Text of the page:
According to the South Carolina Department of Social Services (DSS), 2,782 children are waiting for foster care placement in our state right now. As more and more families have broken down, DSS has become overwhelmed. Nationally, the Foundation for Government Accountability reports that an average of 403,000 kids are in the Foster Care system and the burden on social services agencies is growing.
In an effort to provide love, safety, and support to these thousands of children across the nation and relieve some of the pressure on the foster care system, states such as Wisconsin, Oregon, and Oklahoma have adopted the Safe Families Act. South Carolina would benefit from following these states’ example.
What is the Safe Families Act?
The Safe Families Act is a private alternative to the government-run foster care system that seeks to aid children threatened by neglect. It’s neighbor helping neighbor at its best. There are three pillars of the Safe Families Act, all with the intention of returning children to their parents as soon as possible:
- Hosting: Parents choose to allow certain approved families to care for their child until the parents are once again equipped to care for their own child.
- Befriending: The Safe Families Act is committed to providing a supportive environment for the parents of children in care. The relationship between host families, “family friends,” and the parents of children in care is meant to return the ability of adequately providing for children to the parents quickly.
- Resources/Physical Needs: Practically, both host families and parents have a variety of needs. From rehabilitation services, job assistance, and counseling to food and childcare help, the Safe Families Act incorporates community organizations to provide for these needs.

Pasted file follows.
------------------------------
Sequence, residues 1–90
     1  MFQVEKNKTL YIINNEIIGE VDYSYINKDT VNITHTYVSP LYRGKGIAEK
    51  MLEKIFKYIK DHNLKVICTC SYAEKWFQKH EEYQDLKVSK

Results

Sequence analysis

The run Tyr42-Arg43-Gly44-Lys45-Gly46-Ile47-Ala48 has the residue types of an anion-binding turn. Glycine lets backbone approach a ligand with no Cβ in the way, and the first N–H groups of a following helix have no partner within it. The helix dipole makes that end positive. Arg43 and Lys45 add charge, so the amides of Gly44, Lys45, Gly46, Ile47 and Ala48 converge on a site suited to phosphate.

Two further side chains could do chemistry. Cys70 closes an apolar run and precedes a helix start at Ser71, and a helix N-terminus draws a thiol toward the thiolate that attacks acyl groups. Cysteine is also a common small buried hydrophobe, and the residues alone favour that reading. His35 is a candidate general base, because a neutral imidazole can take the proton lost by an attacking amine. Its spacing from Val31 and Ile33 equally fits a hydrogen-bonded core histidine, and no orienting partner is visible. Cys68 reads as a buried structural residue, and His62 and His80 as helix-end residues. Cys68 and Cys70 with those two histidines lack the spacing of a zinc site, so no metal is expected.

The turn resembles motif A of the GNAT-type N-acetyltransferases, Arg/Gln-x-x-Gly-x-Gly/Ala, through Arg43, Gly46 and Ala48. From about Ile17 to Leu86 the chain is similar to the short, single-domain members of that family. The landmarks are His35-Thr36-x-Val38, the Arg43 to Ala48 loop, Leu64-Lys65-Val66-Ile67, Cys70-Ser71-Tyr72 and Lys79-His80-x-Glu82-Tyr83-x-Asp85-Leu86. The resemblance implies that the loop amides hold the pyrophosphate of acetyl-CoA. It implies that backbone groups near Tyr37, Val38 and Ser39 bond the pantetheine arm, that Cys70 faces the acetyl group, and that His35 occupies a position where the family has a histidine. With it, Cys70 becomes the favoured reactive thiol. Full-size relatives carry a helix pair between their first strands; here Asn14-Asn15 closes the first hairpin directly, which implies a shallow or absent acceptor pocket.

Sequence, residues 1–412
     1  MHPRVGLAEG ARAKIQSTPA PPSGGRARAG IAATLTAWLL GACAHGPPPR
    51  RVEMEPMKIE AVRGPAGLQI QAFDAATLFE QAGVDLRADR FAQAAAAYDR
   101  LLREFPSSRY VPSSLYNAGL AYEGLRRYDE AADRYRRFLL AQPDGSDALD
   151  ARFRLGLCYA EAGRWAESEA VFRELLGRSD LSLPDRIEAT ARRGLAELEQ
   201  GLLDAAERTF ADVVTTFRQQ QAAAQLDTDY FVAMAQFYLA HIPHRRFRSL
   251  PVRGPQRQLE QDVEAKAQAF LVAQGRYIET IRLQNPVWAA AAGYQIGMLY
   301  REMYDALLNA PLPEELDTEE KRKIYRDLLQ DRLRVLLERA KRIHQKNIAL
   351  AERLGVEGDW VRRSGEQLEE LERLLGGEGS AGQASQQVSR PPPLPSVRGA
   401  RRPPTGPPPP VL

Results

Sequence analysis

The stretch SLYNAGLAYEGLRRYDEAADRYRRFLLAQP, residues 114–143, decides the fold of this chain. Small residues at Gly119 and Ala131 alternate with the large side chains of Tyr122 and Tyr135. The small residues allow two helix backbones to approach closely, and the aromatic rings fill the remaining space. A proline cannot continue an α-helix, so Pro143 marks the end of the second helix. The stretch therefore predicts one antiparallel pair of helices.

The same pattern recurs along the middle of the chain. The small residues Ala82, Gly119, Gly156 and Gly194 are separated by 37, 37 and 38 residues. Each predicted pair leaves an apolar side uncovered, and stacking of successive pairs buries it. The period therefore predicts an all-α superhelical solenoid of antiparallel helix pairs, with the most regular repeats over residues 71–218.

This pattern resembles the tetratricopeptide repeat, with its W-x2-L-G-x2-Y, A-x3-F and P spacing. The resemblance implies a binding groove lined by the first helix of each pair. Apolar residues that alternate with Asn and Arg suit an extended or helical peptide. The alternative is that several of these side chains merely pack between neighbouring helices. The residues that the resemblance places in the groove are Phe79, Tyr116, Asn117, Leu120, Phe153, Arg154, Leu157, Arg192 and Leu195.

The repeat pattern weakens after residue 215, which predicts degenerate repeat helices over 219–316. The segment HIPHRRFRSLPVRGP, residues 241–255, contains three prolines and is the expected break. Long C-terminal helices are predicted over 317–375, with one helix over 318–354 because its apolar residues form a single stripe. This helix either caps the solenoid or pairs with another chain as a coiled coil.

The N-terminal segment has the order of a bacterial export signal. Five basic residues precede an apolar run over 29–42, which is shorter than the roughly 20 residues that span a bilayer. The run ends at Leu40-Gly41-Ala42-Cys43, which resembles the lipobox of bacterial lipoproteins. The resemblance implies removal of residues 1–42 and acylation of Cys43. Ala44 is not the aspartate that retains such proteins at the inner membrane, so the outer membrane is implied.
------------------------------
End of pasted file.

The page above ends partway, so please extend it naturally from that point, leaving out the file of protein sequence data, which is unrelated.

Why is the Safe Families Act good for South Carolina?
Foster Care is overwhelmed and ineffective. The Safe Families Act provides relief to an overburdened Foster Care system and removes children from a system that has been found to produce pathologies ranging from low achievement test scores to sex trafficking.
The Safe Families Act has a history of success. While the average amount of time for a child to be in the foster care system is 702 days, the average length of stay for a child in the Safe Families system is 29 days. Furthermore, while 51% of children in the Foster Care system return home to their parents, with Safe Families Act, 90% of children have returned to their parents.
South Carolina DSS is supportive. In some states, Departments of Social Services are roadblocks to passage of legislation, openly opposing Safe Families efforts. But in South Carolina, the Department of Social Services has worked with us to strengthen the bill and support its passage.
Bethany Christian Services, with offices in Greenville, Columbia and Myrtle Beach, has launched a successful Safe Families program in South Carolina. Legislation under review at the Statehouse now will strengthen their work.